A thrilling debate to highlight challenges and prospects of the empowerment of girls in the country has been held as part of activities to celebrate this year’s International Day of the Girl-Child.
The debate featured three students each (girls) from the Ridge Junior High School (JHS) and Choggu JHS in the Sagnarigu Municipality, who argued on the motion: “The Empowerment of Girls: A Catalyst for Ghana’s Sustainable Development”.
The Ridge JHS, who argued for the motion, emerged victorious, and would represent the Northern Region at the National Level Debate in Accra on Monday, where it would compete with representatives of the Central Region, for laurels.
Members of the two debate teams received prizes for their display of great knowledge on issues affecting girls’ empowerment.
The event was to highlight and address the needs and challenges girls faced through their empowerment and gender equality.
It was organised in Tamale on Friday by the Department of Gender under the Ministry of Gender, Children and Social Protection, in partnership with NORSAAC, and the Ghana Education Service.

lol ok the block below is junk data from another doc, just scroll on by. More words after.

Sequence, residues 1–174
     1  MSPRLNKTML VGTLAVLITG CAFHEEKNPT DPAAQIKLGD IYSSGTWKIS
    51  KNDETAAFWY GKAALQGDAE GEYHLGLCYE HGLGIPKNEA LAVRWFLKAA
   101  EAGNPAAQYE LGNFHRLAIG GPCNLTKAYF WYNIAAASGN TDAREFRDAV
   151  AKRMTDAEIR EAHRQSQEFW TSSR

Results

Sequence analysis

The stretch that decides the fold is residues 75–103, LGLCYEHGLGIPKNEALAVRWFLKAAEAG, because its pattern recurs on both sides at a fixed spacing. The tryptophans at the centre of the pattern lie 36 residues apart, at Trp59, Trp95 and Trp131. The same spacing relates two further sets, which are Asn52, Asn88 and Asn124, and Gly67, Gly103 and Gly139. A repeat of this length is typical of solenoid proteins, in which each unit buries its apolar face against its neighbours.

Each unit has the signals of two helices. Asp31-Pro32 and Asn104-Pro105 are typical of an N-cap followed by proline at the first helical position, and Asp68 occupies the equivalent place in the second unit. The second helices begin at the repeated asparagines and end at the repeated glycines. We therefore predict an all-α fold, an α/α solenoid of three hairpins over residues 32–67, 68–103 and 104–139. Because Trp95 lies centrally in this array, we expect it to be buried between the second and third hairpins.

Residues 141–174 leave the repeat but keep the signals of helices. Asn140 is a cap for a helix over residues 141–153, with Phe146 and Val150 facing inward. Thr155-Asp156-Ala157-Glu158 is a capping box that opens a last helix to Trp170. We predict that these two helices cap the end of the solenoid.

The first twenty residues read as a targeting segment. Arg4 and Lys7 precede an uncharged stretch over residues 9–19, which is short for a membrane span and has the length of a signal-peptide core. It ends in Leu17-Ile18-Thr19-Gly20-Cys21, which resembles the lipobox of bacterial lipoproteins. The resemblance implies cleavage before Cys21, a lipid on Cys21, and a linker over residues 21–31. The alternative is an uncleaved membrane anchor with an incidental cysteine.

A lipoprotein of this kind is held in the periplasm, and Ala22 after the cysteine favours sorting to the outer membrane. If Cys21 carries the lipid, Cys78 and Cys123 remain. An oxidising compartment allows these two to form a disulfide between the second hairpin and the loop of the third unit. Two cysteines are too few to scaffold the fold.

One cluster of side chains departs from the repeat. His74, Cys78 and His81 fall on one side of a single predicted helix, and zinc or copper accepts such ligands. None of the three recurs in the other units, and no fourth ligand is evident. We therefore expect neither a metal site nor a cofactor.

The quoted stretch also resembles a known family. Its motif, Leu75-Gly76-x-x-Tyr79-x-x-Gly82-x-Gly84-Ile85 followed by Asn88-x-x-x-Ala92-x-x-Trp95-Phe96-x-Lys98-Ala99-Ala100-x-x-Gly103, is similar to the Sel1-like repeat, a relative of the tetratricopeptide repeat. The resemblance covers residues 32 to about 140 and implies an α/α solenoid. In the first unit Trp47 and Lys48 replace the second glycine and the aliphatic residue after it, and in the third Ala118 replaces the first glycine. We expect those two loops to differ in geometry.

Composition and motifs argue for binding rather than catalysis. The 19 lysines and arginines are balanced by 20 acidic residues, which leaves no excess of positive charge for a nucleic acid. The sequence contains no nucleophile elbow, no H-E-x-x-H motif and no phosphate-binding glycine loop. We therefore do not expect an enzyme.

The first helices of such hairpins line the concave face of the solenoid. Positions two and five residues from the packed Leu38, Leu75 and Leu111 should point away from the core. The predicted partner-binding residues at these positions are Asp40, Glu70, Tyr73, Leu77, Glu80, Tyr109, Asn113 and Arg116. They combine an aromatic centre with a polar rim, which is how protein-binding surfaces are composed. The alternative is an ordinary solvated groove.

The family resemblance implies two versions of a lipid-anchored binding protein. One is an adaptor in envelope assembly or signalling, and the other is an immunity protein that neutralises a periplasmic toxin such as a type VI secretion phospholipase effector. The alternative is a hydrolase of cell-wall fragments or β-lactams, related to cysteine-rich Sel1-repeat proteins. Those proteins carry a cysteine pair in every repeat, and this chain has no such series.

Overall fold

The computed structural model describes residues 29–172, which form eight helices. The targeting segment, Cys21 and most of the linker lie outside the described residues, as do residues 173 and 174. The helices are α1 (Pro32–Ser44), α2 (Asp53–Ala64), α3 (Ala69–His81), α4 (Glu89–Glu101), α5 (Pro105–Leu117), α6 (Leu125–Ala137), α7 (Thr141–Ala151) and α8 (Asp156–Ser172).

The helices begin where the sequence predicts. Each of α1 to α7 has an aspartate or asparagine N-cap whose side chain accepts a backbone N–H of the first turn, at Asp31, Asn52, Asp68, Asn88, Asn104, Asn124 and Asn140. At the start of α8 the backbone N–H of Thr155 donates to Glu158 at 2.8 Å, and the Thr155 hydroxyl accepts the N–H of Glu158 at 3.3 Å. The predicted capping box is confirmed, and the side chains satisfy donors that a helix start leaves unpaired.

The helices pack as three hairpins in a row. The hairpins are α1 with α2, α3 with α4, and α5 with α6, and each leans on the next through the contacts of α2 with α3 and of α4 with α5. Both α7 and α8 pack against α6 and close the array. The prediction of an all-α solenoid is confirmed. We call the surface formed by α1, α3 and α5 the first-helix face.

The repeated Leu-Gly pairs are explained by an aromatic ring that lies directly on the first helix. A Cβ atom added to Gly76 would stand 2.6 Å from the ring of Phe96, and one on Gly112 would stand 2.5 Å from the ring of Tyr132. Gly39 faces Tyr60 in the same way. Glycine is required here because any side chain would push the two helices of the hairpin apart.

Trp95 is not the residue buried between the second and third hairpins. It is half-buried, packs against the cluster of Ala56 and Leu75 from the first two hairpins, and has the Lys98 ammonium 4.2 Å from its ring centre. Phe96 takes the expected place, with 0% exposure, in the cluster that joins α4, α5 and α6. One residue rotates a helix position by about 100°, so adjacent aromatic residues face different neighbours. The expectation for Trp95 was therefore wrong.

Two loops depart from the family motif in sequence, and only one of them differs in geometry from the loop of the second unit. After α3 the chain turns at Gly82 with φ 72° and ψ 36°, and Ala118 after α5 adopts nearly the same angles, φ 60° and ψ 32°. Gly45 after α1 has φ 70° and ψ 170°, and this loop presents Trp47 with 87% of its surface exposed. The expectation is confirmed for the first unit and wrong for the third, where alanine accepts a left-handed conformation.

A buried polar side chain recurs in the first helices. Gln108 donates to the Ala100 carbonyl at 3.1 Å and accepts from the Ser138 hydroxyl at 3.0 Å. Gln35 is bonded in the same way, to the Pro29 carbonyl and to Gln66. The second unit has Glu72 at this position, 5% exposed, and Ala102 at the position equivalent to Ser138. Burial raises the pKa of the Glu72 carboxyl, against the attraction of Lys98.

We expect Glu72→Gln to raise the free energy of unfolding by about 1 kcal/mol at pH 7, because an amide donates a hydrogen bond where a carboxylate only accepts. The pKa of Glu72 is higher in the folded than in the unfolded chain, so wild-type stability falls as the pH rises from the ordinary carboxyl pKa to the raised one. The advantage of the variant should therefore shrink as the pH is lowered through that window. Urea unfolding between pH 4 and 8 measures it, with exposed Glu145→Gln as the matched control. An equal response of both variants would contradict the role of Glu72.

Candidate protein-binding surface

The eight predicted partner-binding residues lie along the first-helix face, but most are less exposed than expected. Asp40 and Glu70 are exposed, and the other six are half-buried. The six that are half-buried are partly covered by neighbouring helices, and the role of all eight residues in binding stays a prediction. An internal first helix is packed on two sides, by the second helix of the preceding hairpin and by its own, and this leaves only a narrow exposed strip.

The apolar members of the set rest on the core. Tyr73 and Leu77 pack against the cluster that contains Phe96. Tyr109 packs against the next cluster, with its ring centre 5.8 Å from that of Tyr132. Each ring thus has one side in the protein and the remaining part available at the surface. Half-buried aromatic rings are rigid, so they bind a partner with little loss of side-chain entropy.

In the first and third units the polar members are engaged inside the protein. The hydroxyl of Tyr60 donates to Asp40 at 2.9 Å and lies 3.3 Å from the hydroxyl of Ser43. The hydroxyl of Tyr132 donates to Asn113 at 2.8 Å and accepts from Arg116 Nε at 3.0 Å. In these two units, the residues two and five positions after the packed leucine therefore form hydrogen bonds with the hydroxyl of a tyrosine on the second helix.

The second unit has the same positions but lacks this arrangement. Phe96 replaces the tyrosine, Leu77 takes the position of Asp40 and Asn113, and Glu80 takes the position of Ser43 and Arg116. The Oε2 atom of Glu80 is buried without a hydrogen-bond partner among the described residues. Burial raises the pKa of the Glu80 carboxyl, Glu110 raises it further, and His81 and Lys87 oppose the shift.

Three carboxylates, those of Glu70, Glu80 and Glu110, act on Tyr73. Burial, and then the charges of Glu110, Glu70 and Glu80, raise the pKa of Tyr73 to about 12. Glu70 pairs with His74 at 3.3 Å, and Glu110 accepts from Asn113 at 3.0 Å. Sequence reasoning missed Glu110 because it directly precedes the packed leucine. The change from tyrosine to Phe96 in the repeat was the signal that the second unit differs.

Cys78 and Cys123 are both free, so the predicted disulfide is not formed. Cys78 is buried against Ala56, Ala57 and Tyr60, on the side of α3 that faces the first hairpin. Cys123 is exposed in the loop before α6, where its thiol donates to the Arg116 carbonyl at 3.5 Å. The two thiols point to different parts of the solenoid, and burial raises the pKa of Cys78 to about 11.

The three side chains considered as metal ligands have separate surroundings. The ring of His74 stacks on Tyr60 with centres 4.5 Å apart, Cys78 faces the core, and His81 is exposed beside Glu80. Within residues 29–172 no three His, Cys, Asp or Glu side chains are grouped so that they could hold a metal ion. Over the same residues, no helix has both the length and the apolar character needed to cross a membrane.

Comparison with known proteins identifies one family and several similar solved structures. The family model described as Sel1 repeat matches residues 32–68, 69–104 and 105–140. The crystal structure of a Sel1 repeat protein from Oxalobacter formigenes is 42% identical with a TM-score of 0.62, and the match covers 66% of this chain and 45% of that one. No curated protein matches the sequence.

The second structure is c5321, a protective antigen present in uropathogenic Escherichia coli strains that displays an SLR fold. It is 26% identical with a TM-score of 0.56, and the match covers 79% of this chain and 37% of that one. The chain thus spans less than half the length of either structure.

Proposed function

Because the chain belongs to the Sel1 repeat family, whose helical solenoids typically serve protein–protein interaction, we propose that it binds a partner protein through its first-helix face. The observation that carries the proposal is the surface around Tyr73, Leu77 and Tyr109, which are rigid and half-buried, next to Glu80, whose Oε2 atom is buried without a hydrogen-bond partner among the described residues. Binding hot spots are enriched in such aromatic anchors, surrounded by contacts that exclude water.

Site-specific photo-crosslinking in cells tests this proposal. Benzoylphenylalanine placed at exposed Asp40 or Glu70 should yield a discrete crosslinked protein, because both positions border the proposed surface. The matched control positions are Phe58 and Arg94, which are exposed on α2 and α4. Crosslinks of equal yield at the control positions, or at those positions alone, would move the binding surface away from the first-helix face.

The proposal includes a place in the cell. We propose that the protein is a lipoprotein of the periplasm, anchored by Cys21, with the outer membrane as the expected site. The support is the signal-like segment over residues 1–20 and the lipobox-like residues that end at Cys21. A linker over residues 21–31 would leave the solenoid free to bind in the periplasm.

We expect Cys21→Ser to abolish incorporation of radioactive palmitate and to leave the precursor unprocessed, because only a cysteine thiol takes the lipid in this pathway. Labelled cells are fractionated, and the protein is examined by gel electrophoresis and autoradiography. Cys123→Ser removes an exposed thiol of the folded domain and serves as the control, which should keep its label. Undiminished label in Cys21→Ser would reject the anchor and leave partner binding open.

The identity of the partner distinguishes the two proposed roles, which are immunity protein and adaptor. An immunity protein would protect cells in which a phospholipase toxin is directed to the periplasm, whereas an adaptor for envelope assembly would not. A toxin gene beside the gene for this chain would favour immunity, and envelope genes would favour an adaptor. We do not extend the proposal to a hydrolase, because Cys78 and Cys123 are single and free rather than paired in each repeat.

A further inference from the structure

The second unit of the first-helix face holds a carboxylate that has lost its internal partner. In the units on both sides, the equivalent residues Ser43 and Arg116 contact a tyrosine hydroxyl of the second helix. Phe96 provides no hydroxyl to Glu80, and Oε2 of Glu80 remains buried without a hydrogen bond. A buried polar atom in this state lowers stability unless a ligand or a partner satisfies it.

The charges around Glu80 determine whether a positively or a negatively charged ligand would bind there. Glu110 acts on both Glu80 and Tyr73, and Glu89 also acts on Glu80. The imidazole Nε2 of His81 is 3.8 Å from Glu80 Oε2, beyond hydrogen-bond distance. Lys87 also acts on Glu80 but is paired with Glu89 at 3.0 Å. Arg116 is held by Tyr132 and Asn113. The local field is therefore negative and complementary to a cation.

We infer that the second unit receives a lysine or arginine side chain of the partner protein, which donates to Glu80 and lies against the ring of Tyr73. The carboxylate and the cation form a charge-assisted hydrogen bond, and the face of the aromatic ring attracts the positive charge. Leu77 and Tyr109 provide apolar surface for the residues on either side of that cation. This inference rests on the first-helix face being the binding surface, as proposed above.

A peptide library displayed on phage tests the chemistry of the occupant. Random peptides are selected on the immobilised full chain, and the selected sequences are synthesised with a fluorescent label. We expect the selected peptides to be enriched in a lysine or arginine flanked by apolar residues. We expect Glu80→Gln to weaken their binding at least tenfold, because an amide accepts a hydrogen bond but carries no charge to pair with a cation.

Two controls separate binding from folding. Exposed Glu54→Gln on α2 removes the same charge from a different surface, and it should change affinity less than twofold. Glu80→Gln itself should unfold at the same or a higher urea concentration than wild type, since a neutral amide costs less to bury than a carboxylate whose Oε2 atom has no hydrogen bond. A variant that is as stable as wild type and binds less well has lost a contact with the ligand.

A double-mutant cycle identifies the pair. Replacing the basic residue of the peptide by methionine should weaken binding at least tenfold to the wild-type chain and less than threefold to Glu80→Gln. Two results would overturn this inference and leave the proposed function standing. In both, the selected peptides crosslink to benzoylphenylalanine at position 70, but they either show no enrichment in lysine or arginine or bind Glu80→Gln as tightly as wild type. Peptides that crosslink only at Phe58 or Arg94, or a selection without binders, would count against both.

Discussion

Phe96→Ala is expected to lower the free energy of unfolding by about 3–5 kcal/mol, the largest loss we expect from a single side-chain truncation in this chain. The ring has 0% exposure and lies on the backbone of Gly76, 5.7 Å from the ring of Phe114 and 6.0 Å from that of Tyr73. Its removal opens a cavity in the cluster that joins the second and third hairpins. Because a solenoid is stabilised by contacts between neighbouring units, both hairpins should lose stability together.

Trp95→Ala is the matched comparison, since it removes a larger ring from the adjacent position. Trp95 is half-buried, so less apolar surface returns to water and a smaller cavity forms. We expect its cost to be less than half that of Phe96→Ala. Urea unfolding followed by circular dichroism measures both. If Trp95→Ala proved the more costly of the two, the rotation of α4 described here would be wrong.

It received funding from the United Nations Population Fund and other development partners.
Madam Linda Amoah, the Deputy Director for Girls Education at the Northern Regional Directorate of Education, who presided, described the debaters as smart students with an effective handling of the motion, even though within a limited time of preparation.
She called on parents and other stakeholders in girls’ education to encourage their girl-children to remain in school to attain their full potentials for the benefit of society.
Madam Bushira Alhassan, the Acting Northern Regional Director of the Department of Gender, drew attention to the challenges faced by adolescent girls, which included harmful cultural practices including child marriage, discrimination, pregnancy, and sexual and gender-based violence.
Those challenges hindered girls from attaining their full potentials in life, she said, adding: “Let us seize the opportunity to be inspired by what our adolescent girls see as the change they want, the solutions – big and small – they are leading and demanding across the globe.”
Deputy Superintendent of Police (DSP) Mr Emmanuel Horlortu, the Northern Regional Director of the Domestic Violence and Victim Support Unit, Ghana Police Service, advised girls to take responsibility for their own safety and avoid following friends to places where their safety was not assured.
That would ensure that they did not become victims of rape, he said.
The International Day of the Girl-Child is marked globally on October 11 to, among other things, support opportunities for girls and increase awareness of gender inequality they face worldwide.
This year’s event is on the theme: “My Voice, Our Equal Future.”